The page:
BLOOMFIELD, Conn.--(BUSINESS WIRE)--The Economist Intelligence Unit (EIU) and Cigna (NYSE: CI) today launched an online hub with survey findings on how U.S. medical and addiction practitioners and members of the American general public, including veterans, view opioid addiction and the best ways to treat it.
The research comes at a time when more than 33,000 Americans a year die from opioid-related overdoses.1 In the U.S., the total economic burden from opioid misuse hit an estimated $78.5 billion,2 a number that reflects the cost to the U.S. economy as well as the impact the crisis has on families in lost jobs and lost wages.
Cigna commissioned the survey as part of its continuing commitment in helping to curb the national opioid epidemic, with special emphasis on veterans, who often struggle with pain, post-traumatic stress disorder, depression and other health conditions, as well as challenges transitioning back to civilian life. The number of veterans living with opioid issues grew 55 percent between 2010 and 2015.3 Between higher rates of chronic pain4 and a 270 percent spike in opioid prescriptions over a 12-year period,5 veterans are twice as likely to die from accidental opioid overdoses than non-veterans.6
“We know we can and must do more as a society. That’s why this report is so important as we fight this crisis. Ultimately, we hope it can contribute to the beginning of the end of opioid misuse across America,” said Cigna President and CEO David M. Cordani.
Among key findings, the survey revealed that only 47 percent of the U.S. general public – less than half – think opioid addiction is treatable, compared to 70 percent of medical practitioners. Both groups say that treating veterans who suffer from opioid addiction is more complex than treating others who suffer from opioid addiction.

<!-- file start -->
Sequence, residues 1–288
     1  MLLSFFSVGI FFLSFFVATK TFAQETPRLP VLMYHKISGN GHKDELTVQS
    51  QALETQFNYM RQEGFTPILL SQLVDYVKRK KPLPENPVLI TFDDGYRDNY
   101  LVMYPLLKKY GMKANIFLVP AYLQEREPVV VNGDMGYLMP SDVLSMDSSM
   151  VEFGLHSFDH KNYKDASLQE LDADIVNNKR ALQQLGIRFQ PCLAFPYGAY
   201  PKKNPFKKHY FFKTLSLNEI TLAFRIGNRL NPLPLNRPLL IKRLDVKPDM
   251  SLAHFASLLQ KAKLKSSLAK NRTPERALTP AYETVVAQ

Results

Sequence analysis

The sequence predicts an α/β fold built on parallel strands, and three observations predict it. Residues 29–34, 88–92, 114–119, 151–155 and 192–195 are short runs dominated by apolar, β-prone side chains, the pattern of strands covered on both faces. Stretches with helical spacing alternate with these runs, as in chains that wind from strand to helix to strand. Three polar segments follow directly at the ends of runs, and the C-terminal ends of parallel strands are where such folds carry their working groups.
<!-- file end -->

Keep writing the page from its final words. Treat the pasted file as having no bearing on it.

More than a third of medical practitioners say they are not very confident they have the right resources and training to treat veterans living with opioid addiction. The survey also found that 43 percent of medical practitioners cited overprescribing as a cause of addiction, but 58 percent said they focus more on treating the patient’s condition than the potential for opioid misuse at the moment of prescribing. Thirty-two percent of veterans cited encouraging the medical community to prescribe less addictive painkillers as an effective way to reduce the supply of opioids to the general public.
The surveys were finalized in July 2017 and include 304 medical and addiction practitioners (70 percent who have treated veterans) and 2,800 Americans, 21 percent of whom are veterans. Compilation and analysis of results took place throughout August 2017.
The online hub includes an interactive map exploring the treatment options the U.S. general public would like to see greater access to, and points to case studies of successful programs across the nation. The online resource also includes an executive summary and briefing paper that provides an in-depth analysis of the recently completed survey and includes a section dedicated to veterans, including an executive summary focused on veteran-specific responses.